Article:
by the state. This type of finite-state
machine is known as a Moore machine,
because E. F. Moore introduced this
type of machine in 1956. Moore
machines are considered in a sequence
of
s0,F) if it takes the initial state s0 to a
final state, that is, f (s0, x) is a state in F.
The language recognized or accepted
by the machine M, denoted by L(M), is
the set of all strings that are
recognized by M. Two finite-state
automata are called eq
arbitrarily many strings from A. That
is, A = k=0 Ak. EXAMPLE 3 What
are the Kleene closures of the sets A =
cfw_0, B = cfw_0, 1, and C = cfw_11? Solution:
The Kleene closure of A is the
concatenation of the string 0 with itself
an arbitrary finite number
other coins) or a quarter and a nickel
(and any number of other coins) have
been inserted. Once the door can be
opened, the customer opens it and
takes a paper, closing the door. No
change is ever returned no matter how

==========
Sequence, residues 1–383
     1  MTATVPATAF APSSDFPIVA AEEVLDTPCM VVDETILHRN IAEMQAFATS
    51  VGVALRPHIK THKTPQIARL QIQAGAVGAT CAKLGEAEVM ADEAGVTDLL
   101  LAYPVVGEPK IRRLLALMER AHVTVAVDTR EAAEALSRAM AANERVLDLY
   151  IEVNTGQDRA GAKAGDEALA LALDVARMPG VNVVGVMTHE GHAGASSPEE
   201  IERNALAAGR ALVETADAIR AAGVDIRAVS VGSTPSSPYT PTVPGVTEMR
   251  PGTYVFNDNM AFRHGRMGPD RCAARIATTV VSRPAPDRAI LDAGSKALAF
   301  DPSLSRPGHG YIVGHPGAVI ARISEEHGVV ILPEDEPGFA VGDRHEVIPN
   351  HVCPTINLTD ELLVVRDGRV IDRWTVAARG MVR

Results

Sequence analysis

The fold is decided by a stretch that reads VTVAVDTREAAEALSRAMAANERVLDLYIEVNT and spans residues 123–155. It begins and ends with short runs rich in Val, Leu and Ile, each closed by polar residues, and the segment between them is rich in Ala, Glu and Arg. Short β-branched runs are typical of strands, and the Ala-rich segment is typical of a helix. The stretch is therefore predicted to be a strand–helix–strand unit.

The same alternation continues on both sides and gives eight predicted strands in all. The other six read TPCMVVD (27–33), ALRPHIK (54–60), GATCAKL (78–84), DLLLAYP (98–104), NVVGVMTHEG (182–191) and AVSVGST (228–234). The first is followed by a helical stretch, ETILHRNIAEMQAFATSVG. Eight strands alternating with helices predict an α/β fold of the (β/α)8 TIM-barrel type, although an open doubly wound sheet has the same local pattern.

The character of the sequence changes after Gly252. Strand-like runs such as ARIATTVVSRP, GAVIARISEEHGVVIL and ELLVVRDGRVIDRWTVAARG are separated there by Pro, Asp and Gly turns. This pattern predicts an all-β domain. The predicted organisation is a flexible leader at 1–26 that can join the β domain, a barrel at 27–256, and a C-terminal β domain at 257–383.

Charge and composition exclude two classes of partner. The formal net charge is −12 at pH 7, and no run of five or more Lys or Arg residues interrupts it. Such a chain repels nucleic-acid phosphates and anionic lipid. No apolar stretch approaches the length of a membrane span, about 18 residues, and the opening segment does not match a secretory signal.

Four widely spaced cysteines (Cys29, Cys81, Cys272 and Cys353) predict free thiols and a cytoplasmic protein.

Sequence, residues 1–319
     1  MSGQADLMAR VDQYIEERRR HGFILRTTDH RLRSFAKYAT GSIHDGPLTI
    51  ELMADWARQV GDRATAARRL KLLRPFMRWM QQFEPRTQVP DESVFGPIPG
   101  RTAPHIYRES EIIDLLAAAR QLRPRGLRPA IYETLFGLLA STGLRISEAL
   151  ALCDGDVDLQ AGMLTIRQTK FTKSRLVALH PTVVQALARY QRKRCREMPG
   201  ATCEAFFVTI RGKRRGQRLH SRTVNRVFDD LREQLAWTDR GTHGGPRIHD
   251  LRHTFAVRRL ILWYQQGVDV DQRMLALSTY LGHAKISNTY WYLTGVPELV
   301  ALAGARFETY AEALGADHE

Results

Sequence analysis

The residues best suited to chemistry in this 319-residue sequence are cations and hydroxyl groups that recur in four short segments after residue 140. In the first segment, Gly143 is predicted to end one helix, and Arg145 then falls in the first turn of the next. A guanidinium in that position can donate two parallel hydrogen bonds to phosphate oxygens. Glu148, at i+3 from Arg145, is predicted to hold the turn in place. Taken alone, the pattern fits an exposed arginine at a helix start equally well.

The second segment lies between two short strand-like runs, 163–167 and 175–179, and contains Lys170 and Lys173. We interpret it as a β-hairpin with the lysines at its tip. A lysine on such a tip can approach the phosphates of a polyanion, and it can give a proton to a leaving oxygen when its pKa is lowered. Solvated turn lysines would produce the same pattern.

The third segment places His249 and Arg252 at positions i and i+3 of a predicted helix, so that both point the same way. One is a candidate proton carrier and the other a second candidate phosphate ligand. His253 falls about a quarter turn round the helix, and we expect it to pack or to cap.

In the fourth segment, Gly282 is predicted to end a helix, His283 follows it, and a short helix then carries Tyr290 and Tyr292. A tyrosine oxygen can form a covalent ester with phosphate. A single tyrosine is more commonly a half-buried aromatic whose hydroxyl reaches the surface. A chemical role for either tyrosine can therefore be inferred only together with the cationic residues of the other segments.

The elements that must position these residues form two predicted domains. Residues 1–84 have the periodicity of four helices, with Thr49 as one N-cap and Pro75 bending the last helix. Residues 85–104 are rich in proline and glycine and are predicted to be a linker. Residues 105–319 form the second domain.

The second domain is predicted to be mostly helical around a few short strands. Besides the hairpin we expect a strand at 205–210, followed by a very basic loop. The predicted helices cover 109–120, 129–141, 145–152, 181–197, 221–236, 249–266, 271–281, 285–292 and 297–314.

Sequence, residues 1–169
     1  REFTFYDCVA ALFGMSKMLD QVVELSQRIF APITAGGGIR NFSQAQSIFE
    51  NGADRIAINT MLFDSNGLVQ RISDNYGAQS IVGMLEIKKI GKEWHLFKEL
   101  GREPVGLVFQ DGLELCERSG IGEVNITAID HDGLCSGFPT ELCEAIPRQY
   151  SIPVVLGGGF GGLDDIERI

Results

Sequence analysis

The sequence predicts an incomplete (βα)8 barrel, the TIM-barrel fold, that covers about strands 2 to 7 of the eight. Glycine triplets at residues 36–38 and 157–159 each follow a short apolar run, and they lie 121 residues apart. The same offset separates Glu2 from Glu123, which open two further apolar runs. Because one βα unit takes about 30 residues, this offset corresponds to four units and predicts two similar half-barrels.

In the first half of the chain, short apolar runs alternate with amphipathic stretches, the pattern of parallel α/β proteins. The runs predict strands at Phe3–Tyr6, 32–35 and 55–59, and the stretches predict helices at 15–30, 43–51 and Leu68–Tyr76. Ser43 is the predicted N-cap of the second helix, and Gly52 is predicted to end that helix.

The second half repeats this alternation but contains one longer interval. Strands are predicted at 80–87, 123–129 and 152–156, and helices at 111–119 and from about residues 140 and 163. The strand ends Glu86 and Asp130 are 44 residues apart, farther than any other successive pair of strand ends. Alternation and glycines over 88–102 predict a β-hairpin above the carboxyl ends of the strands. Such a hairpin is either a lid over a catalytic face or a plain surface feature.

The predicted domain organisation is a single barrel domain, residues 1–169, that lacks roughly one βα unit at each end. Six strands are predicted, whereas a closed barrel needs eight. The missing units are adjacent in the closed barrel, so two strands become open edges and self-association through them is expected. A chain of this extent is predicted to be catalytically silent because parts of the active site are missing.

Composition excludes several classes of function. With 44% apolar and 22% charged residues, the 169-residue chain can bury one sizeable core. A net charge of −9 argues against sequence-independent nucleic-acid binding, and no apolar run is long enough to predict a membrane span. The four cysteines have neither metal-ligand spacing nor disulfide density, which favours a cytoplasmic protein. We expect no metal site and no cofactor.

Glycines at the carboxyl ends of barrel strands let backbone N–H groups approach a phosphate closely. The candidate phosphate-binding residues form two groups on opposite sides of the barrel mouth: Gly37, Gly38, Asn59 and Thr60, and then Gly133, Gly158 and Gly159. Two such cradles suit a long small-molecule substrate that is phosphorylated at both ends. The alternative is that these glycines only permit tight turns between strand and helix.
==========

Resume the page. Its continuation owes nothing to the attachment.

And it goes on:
much extra money has been inserted.
Finite-State Machines with No Output
Introduction One of the most
important applications of finite-state
machines is in language recognition.
This application plays a fundamental
role in the design and construction of
compilers for programming languages.
can be modeled using a structure
called a finite-state machine. Several
types of finite-state machines are
commonly used in models. All these
versions of finite-state machines
include a finite set of states, with a
designated starting state, an input
alph
return w else return substr(w, n,
n)reverse (substr (w, 1, n 1)
cfw_substr(w, a, b) is the substring of w
consisting of the symbols in the ath
through bth positions 39. The
procedure correctly gives the reversal
of as (basis step), and because the
reversa
theory of recursive functions,
investigating questions of
computability and decidability, and
proved one of the central results of
automata theory. He served as the
Acting Director of the Mathematics
Research Center and as Dean of the
College of Letters a
and the output for that transition.
Figure 1 shows such a directed graph
for the vending machine. Finite-State
Machines with Outputs We will now
give the formal definition of a finitestate machine with output.
DEFINITION 1 A finite-state machine M
= (S, I
1,0 1,0 s0 s2 s3 s1 b) Start s0 s1 s2 1,0
0,0 1,1 1,0 0,0 0,1 c) Start s0 s2 s3 s1
0,0 1,1 1,1 0,0 0,0 0,0 1,1 1,0 3. Find the
output generated from the input string